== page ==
“One issue is that a reappraisal was done, and when one company did it and submitted their report you all had differences with it,” Bennett said. “You asked for changes, and when the changes did not occur that company was dismissed and another was brought in. I do have information that two appraisals were done, but I would like specific information and since this is an abbreviated appearance I will be submitting a specific request for the information I want.
“The second item I would like to bring to your attention was that some things happened at the last board meeting,” he said. “I’ve talked to the mayor and gotten some explanation of why some things occurred. But I told the mayor that I am very concerned that we go in and pave a street and then we cut it off and go on to something else. He tells me that the money that was available was only enough to do that one block. He also told me that the funds available were associated with Navistar and could only be used there. [The paving projects were funded by grant money; to qualify for the grants the project had to pertain to industry, if I remember correctly. – Brian Jones] But the intersection Martin Luther Kind at Main Street every day, that’s an impossible situation and that’s because of Navistar. If you don’t have funds to pave the entire street, at least get that bottleneck out of the way. I was also told that a future project will be undertaken to pave the access roads. There are just some questions I have about this.
“I’ve got some questions about the tax situation,” he continued. “The citywide audit answered a lot of questions about how we do things. I noticed every year that when my taxes come out they increase, but then you say we’re not having a tax increase. I got the feeling from reading the audit that the city is allowed to increase taxes up to 10% without any authorization. My question is, within that flexibility, who decides how much we’re going up, if it’s a 4% increase rather than the full 10%?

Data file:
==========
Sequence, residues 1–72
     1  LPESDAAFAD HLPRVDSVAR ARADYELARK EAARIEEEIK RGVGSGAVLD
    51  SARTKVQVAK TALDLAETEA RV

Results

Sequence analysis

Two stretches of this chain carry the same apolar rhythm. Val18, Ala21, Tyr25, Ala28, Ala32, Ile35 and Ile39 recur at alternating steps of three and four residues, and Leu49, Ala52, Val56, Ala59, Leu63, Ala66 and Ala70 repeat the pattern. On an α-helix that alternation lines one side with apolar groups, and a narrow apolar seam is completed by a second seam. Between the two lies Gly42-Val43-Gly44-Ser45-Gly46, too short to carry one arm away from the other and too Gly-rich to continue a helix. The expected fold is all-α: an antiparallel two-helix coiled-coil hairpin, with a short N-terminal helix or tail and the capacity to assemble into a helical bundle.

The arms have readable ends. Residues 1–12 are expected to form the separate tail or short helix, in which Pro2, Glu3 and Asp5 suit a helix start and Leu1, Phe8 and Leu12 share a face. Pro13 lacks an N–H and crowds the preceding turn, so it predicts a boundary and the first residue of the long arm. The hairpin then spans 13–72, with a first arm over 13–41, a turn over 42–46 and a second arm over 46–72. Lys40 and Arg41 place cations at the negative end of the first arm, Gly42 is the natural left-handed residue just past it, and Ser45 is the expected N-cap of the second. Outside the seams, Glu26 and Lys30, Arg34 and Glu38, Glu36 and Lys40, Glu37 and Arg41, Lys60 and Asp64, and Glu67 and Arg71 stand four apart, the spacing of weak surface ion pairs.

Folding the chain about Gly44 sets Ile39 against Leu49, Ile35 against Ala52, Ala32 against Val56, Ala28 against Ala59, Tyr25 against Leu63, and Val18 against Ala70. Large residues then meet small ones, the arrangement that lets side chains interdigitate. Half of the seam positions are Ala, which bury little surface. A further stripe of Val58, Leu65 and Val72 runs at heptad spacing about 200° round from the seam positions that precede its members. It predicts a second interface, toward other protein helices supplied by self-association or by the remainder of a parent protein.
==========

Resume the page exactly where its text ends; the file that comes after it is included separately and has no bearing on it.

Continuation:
“The other thing that I wanted to talk about was the public schools,” he said. “The schools are rated in the previous years as unsuccessful for the most part. [The West Point School District was rated as Academic Watch for the last two academic years; before that it was At Risk of Failing. – Brian Jones] As a city it doesn’t seem the board has taken a position as far as what our expectations are. Maybe unsuccessful schools is the most you aspire to. This board appoints three people to that school board, and those three people ought to reflect the thinking of the city.”
[Packet readers will remember that in September, while setting the FY12 millage rate, the mayor and board indulged in much breast-beating at the school district’s tax levy. The district asked for an increase of 1.88 mills to offset the loss of some state funding; the selectmen all but directly stated that they would have liked to refuse the request. The district, from what I understand, is to the point where further funding cuts will likely result in the loss of teachers, which will in turn drive teacher/pupil ratios up, a situation which is known to reduce student performance. [The West Point School District, as I stated above, is already on academic watch. According to the state department of education, its graduation rate fell from 67.5% in 2009-10 to 59.5% in 2010-11. As long as the mayor and board of selectmen continue to view education solely as a matter of dollars and cents, the district will continue to underperform and West Point will continue to wither on the vine; people drawn to the area by industry are not going to settle in a community with such obvious education shortfalls. But at least the board of selectmen can continue to boast about keeping the tax levy down. – Brian Jones]
The board took no action on Bennett’s comments.
Grant Writer Melanie Busby approached the board about two grants.
The first was for a proposed skate park for which the city has received a $100,000 grant from the Department of Wildlife, Fisheries and Parks. Grindline was the sole bidder on the project.